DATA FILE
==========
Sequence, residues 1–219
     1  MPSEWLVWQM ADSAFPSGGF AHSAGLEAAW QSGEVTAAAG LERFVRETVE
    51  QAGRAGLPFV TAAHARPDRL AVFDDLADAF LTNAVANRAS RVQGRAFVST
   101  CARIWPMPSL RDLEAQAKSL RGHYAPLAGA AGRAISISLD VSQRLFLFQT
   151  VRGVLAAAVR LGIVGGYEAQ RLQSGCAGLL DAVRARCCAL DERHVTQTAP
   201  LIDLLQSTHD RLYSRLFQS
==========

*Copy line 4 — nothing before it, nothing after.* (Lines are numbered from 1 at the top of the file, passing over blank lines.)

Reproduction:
   101  CARIWPMPSL RDLEAQAKSL RGHYAPLAGA AGRAISISLD VSQRLFLFQT